Posted On
October 25, 2017

How to Build an Online Reputation Management Strategy

How to Build an Online Reputation Management Strategy 1

Successfully managing your business’s online reputation requires strategic vision. Without a strategic approach, you and your team will be in a constant state of reactive fire-fighting. The result is that your reputation management efforts become focused on the negative. You miss the opportunities to build a comprehensively strong reputation that can withstand any slings and arrows with less fire-fighting on your part.

Online reputation management is a high value activity with a direct impact on your marketing, your customer service and your revenue. Treat it as such. Take the time to develop and reputation management strategy that can help you achieve clear business goals and maximize the value of your reputation.

When you define online reputation management goals and tasks within the framework of a clear strategy, your efforts and resources get deployed effectively. Reactive online reputation management wastes your resources for very little return. To develop an online reputation management strategy that will help you achieve defined goals, you must ask:

  • Who in the business owns online reputation management?
  • What’s your current reputation baseline?
  • What are your online reputation management goals?
  • Where should you be; where should you be active?
  • What tasks should you be doing?
  • What’s your monitoring strategy?
  • What’s your response strategy?

Below we’ve provided a strategic planning roadmap around these questions you and your team can use to build the right reputation management strategy for your business.

Who owns online reputation management?

Online reputation management can’t be left in the hands of whoever on the team enjoys social media most. We’ve talked before about how your business’s reputation is one of its most valuable assets. Managing it requires and deserves clear ownership and lines of responsibility. Without clear ownership, strategy and task execution will fall by the way side.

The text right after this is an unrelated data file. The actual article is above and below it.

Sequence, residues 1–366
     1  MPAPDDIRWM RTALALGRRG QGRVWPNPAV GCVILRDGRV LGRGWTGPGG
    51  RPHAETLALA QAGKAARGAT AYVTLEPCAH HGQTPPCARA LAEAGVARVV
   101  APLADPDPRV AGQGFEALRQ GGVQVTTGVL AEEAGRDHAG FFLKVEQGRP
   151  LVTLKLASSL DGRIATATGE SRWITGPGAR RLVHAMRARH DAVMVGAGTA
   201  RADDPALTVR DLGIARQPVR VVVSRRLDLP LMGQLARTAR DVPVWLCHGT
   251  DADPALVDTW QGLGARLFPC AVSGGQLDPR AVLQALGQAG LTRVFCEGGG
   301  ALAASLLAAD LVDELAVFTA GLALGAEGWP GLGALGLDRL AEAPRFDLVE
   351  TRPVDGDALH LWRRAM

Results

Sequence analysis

The owner needs to be a specific person. Allocating online reputation management to a department, like marketing or customer service, is insufficient. Even though many tasks will be performed by multiple people, one person needs to have incontrovertible accountability for the performance of your reputation.

Deciding who should own online reputation management at your business depends on the size of your operation. A small shop without multiple departments may give this responsibility to the business owner or manager. Depending on the type of business, the “manager” in question could be practice manager, or floor or back-office manager. Larger businesses with more well-defined departments may give reputation management to the director of marketing, sales or customer service.

The fact that reputation sits easily in some many functions testifies to how critical it is to overall well-being and growth of your business.